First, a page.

I have been helping clients file for consumer bankruptcy protection since 1989. The bankruptcy landscape has changed drastically since then. The Bankruptcy Abuse Prevention and Consumer Protection Act became effective October 17, 2005. It made many significant changes to the existing Bankruptcy Code. Staying up to date on the law and local practice in this area is crucial to effective representation.
I am a member of the National Association of Consumer Bankruptcy Attorneys (NACBA) and attend many Continuing Legal Education seminars in this ever changing landscape. I also belong to the Delaware State Bar Association, Bankruptcy Section and regularly review Court decisions from across the United States to help keep abreast of breaking bankruptcy case law.
I know that this is one of the most stressful times in your life as you contemplate this difficult decision. We do our best to ease your mind and to minimize the anxiety and fear that you may be experiencing.
Basic Bankruptcy Concepts
There are four (4) types of bankruptcy an individual can file; Chapters 7, 11, 12 or 13. The two most often applicable to individuals and small businesses are Chapters 7 and 13. Generally, in a Chapter 7 Bankruptcy you do not repay your dischargeable unsecured debts, e.g. credit cards, medical bills, and/or pay day loans. Generally, in a Chapter 13 Bankruptcy you might repay a percentage of your unsecured debts over a three to five year period. One common bankruptcy misconception is that you lose your home and other significant assets in a Chapter 7 bankruptcy. For the most part, as long as you are current on your mortgage and car payments, you may retain those assets by continuing to make your regular monthly payments.
Chapter 7 Eligibility
Qualifying for a Chapter 7 Bankruptcy is not automatic. You must pass the Median Income Test. If your income exceeds the Median Income, you must also pass the Means Test, the Disposable Income Test and the Best Interest Of Creditors Test. If you do not qualify for a Chapter 7 Bankruptcy you may file be able to file a Chapter 13 Bankruptcy. These tests are explained in detail during your FREE CONSULTATION.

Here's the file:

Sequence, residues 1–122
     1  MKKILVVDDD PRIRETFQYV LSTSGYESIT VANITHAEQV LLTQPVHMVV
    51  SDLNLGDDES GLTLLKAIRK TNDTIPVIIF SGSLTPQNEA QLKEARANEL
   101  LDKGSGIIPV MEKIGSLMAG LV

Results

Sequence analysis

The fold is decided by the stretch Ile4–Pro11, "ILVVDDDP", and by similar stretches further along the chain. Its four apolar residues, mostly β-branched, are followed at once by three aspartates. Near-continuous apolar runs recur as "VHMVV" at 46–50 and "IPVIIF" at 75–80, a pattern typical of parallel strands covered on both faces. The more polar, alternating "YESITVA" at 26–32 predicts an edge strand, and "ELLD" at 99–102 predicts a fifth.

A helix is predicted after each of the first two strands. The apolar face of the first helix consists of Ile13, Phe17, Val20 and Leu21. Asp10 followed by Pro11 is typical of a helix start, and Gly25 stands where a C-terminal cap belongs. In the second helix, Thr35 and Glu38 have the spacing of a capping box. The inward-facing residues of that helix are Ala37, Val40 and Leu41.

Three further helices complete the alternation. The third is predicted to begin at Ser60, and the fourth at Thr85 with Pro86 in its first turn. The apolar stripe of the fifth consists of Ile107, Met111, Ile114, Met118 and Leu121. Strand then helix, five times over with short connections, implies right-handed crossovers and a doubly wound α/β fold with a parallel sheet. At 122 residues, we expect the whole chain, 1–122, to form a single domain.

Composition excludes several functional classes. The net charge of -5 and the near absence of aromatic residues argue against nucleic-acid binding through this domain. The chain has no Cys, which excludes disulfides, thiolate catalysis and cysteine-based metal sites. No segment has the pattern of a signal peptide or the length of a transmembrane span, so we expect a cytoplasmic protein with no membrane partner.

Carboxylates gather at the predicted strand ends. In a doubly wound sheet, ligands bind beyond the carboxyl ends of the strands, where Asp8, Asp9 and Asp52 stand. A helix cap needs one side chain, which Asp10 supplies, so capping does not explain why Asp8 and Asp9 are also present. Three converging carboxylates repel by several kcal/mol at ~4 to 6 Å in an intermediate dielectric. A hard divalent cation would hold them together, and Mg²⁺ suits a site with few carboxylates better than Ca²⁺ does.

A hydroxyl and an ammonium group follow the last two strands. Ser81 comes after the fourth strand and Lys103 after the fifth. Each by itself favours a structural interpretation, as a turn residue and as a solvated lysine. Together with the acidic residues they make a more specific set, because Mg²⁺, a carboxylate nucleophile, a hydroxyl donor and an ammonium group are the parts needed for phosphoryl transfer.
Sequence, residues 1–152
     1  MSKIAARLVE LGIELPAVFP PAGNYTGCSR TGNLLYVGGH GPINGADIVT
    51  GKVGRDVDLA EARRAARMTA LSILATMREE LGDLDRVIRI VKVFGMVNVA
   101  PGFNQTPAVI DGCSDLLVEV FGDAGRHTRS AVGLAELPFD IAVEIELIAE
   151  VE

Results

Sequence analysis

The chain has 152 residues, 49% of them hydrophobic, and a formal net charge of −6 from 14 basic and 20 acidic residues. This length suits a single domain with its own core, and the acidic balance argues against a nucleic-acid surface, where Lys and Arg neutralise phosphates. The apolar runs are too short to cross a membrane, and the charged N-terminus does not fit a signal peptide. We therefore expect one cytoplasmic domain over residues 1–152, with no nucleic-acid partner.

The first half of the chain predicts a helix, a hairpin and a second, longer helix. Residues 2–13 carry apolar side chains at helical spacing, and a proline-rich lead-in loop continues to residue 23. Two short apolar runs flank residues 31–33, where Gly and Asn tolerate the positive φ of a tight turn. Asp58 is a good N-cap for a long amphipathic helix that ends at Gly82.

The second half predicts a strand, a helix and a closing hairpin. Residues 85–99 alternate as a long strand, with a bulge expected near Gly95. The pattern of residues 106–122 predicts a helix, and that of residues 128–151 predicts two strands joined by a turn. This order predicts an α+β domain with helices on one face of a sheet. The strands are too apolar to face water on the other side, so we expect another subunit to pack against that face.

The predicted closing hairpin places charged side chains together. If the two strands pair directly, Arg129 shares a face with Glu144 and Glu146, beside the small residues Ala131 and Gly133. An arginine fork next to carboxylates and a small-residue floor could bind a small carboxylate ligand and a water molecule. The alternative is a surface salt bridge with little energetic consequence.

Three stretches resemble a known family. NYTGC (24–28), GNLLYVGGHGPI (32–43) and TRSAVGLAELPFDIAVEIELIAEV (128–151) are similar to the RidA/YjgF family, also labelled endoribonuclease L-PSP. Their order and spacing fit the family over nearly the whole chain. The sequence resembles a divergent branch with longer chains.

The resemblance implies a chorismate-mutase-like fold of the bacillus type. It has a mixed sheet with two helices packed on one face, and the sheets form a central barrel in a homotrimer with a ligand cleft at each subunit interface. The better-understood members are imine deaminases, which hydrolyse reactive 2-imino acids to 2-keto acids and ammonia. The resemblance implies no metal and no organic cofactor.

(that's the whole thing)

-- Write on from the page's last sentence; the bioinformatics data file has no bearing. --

Under Delaware law, there are limits on the value of assets that you may keep in a Chapter 7 bankruptcy. You may retain your residential real property or mobile home so long as your equity does not exceed $100,000.00. You may retain your personal property so long as your equity does not exceed $25,000 per debtor, $50,000.00 in a joint case filed by a husband and wife. However, there are specific exceptions to this rule. The manner in which you calculate the “equity” is also very fact intensive and you should consult a bankruptcy attorney for exact answers.
Generally, you may retain your ERISA qualified retirement account, e.g. 401K, IRA, defined pension plan, etc.… with no monetary limitations.
Chapter 13 Eligibility
Qualifying for a Chapter 13 Bankruptcy is not automatic. You must owe less than $1,010,650.00 in noncontingent, liquidated secured debt and $336,900 in noncontingent, liquidated unsecured debt. Also, you must have sufficient income to fund your required monthly payments under the Chapter 13 Plan.
There are many more requirements, rules and issues concerning Bankruptcy. The above information is intended solely to provide you with a brief understanding of Bankruptcy law and does not constitute legal advice.
We look forward to answering your bankruptcy questions during your FREE CONSULTATION.
The Eaby Firm LLCWe are a debt relief agency. We help people file for bankruptcy relief under the Bankruptcy Code.